Young primary school students report increased personal wellbeing at school and are less likely to consider certain jobs and activities as ‘just for boys’ or ‘just for girls’ after participating in respectful relationships education, according to new Our Watch research, released today.
The Respectful Relationships Education in Primary Schools Pilot in Queensland and Victoria, which involved 18 schools with a focus on Year 1 and 2 students, shows promising results of how taking a whole-of-school approach to address gender-based violence can shape student attitudes and teacher confidence and knowledge.
Key findings in the report, Respectful Relationships Education to Prevent Gender-Based Violence, include:
- A decrease in stereotypical attitudes among school students, making them less likely to see jobs or activities as strictly for men or women
- Both boys and girls showed an interest in traditionally feminine jobs and activities
- Staff demonstrated an increased understanding of gender inequality and the ways in which it impacts on school culture
- Teacher feedback highlighting the importance of professional development in helping them deliver respectful relationships education that addresses the drivers of violence
- Some schools showed staff increased their understanding of gender discrimination and sexual harassment
- Strong commitment to respectful relationships education and its role in school readiness across the school community after the pilot.
The six-month pilot included classroom teaching and learning, professional development for staff, auditing of current school policies and processes, support for schools to engage parents in reinforcing messages of respect and equality, and the Our Watch’s respectful relationships education toolkit.
The data collected from the schools, in partnership with Deakin University, was used to measure changes in school practices, culture and structures.
The report also highlighted the need for respectful relationships education to be integrated long-term within a school community.
Our Watch CEO Patty Kinnersly said that as long as girls and women were seen as less equal than men and boys, disrespect and violence against women would continue.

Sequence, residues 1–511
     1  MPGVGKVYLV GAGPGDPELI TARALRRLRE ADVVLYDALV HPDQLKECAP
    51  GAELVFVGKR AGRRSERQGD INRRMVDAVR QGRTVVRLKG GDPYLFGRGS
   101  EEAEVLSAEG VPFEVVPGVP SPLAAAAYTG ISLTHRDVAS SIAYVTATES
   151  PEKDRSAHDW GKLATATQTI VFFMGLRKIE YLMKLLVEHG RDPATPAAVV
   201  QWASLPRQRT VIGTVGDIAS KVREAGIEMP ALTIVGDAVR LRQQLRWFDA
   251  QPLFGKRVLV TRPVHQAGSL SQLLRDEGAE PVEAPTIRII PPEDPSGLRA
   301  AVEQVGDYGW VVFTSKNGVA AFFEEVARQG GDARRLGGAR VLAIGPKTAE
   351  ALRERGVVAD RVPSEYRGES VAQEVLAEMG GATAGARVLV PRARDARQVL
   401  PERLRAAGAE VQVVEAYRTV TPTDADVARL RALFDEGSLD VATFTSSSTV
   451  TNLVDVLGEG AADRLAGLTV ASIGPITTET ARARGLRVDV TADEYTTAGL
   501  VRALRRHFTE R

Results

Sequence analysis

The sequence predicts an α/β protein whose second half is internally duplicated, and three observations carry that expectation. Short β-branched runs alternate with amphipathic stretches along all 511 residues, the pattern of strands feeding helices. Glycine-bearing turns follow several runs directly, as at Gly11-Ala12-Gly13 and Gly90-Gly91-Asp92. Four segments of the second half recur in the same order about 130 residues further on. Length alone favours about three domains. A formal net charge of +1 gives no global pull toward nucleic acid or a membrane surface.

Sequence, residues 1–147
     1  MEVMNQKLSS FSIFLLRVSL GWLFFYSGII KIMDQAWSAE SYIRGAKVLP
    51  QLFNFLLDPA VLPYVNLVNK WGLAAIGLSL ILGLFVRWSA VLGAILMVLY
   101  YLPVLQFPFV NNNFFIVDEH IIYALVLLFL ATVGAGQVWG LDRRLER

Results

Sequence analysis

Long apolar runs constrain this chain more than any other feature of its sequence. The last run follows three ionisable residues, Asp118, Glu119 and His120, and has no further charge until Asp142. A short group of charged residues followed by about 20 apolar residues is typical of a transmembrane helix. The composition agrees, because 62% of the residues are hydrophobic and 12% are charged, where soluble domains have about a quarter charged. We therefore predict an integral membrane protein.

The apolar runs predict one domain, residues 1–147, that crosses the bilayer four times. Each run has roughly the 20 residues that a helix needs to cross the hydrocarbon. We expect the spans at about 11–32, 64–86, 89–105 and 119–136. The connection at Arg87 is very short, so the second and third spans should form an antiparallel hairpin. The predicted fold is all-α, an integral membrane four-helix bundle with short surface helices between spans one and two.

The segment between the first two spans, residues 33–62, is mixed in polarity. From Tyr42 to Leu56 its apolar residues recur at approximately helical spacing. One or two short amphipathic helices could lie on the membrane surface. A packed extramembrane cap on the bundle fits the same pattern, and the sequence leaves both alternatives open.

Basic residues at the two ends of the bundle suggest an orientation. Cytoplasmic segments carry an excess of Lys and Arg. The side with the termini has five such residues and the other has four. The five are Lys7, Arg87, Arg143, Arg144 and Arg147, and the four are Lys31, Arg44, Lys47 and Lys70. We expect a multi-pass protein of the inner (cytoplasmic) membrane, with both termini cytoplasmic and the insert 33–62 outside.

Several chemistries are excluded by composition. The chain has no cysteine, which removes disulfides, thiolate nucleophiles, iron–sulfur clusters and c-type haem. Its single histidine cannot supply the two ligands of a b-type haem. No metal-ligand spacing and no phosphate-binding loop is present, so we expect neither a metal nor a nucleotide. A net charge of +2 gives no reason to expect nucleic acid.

“From birth, children are exposed to gender stereotypes that can set expectations around their behaviour and interests, such as the idea that only boys can play football or that girls love pink and play with dolls and unicorns,” Ms Kinnersly said.
“This can limit their ability to be who they want to be and to form equal and healthy relationships.”
She said evidence showed that rigid gender roles and stereotyped constructions of masculinity and femininity – the idea that women and men and girls and boys should act in certain ways or fulfil certain roles – were one of the drivers of violence against women.
“This new research shows some early promising signs that primary school is a critical time to engage children in age-appropriate educational content, so they have the skills to reject aggressive behaviours and discrimination and form attitudes, beliefs and behaviours based on equality and respect,” Ms Kinnersly said.
She said respectful relationships education not only aimed to build the skills of young Australians, but it worked with schools to ensure workplace culture, policies and practices were equitable and based on respect.
“We need to build on the work of this pilot and embed this work in primary and secondary schools throughout the country,” Ms Kinnersly said.
“We also need to ensure we are promoting gender equality and non-violence in not just our schools but all the places we spend our time, from our homes and workplaces to our sporting clubs.”
To coincide with the release of the report, Our Watch recently released an updated evidence paper drawing from international and national evidence on violence prevention in schools published since 2015, to ensure work on respectful relationships education is informed by the best available evidence.
There is also an updated policy brief that provides guidance to policy-makers on designing, implementing, coordinating and monitoring evidence-based approaches to respectful relationships education.
Further information about Our Watch’s work on respectful relationships education can be found here: education.ourwatch.org.au
Shannon McKeogh, Senior Media and Communications Advisor (email@example.com or 0412 612 039)
*If you cover this story, or any story regarding violence against women and children, please include the following tagline:
“If you or someone you know is impacted by sexual assault, family or domestic violence, call 1800RESPECT on 1800 737 732 or visit www.1800RESPECT.org.au. In an emergency, call 000.”
About Our Watch
Our Watch is a national leader in Australia’s work to stop violence against women and their children before it starts. The organisation was created to drive nation-wide change in the structures, norms and practices that lead to violence against women and children.